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Personal Data Overview

The data we are protecting is related to people, there are different levels of sensitivity each requiring it to be handled accordingly.

Contents

Definition of personal data

Personal data meaning any information relating to an identified or identifiable person.

This definition means a wide range of personal identifiers would constitute personal data, including name, identification number, location data or online identities. This reflects changes in technology and the way organisations collect information about people.

It applies to both personal data held electronically and in manual filing systems. This could include chronologically ordered sets of manual records containing personal data and email.

Personal data that has been pseudonymised – eg key-coded – falls within the scope of the GDPR.

Categories of data

As defined by data protection legislation.

Personal data

Information that relates to an individual. That individual must be identified or identifiable either directly or indirectly from one or more identifiers or from factors specific to the individual. 

Pseudonymised data

Pseudonymisation is a technique that replaces or removes information in a data set that identifies an individual. 

Pseudonymising personal data can reduce the risks to the data subjects and help you meet your data protection obligations.  But it is effectively only a security measure. It does not change the status of the data as personal data.

Anonymous data

Anonymised data which does not relate to an identified or identifiable natural person or personal data that has been rendered anonymous in such a manner that the data subject is not or no longer identifiable. 

Special category perosnal data (sensitive)

This is personal data about an individual’s: race; ethnic origin; political opinions; religious or philosophical beliefs; trade union membership; genetic data; biometric data (where this is used for identification purposes); health data; sex life; or sexual orientation.  It is data that is seen as being particularly sensitive and that needs to be processed by organisations with extra care and attention 

Personal data relating to criminal convictions and offences are not included, but similar extra safeguards apply to its processing. 

Special category data: criminal records, children and vulnerable adults

These types of data warrant a higher degree of sensitivity when handling.

  • Special category personal data: children and vulnerable adults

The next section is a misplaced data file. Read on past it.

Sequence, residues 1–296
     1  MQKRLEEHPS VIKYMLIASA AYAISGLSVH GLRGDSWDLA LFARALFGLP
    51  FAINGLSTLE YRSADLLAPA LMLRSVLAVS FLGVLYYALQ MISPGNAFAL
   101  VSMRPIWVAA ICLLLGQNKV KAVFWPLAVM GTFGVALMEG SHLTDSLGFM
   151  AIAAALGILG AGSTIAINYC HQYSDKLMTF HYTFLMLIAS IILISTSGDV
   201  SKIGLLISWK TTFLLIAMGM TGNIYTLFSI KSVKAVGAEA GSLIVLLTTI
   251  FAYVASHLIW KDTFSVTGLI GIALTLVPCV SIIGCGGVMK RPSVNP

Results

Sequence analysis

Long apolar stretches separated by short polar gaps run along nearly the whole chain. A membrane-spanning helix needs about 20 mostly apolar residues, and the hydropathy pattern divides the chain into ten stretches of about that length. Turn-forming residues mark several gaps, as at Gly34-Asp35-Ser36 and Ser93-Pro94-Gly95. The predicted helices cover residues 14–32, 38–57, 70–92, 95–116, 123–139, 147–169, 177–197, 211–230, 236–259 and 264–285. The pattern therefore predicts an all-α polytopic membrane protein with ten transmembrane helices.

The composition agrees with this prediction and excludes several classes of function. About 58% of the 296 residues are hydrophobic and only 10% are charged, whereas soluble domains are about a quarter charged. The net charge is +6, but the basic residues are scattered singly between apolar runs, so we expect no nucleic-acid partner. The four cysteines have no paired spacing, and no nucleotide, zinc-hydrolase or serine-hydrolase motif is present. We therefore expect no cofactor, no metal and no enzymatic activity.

• Vulnerable adults: individuals, who for whatever reason, may find it difficult to understand how their information is used.  
  • Special category perosnal data: criminal records & DBS checks 
    • This type of data warrants a higher degree of sensitivity when processing.  

Special category personal data

Sensitive personal data is known as “special categories of personal data” and it is data that is seen as being particularly sensitive and that needs to be processed by organisations with extra care and attention.

The special categories specifically include health, trade union membership, ethnic origin, religious / philosophical belief, sexual orientation, genetic data, and biometric data where processed to uniquely identify an individual.

Personal data relating to criminal convictions and offences are not included, but similar extra safeguards apply to its processing.

Determining the lawful basis for processing

When you are processing personal data, you must establish your ‘lawful basis to do so’.

Please be aware that you need a lawful basis for processing each of the data categories i.e. 'a lawful basis' to process 'personal data' and a separate lawful basis to process 'special category' data (these can sometimes be the same lawful basis).

To find your lawful basis, please use the ICO lawful basis interactive guidance tool

Holding personal data no longer than necessary

What to do when you have identified data that you no longer require.

You should undertake the following steps:

  • Document the location of the data.
  • Document a summary of the data for your records.
  • Undertake an exercise to try to identify if there are any other copies of the data elsewhere e.g. have any copies been made by other members of your team/department?
  • Document where any copies are, and then await further guidance.

We are not advising staff to delete data at this stage. The programme is in an investigation phase and we are looking to identify the areas where data is held. Once this stage has completed we will establish processes for cataloguing data and for the secure deletion of data that is not required. This is to ensure that we have a record of what has been deleted.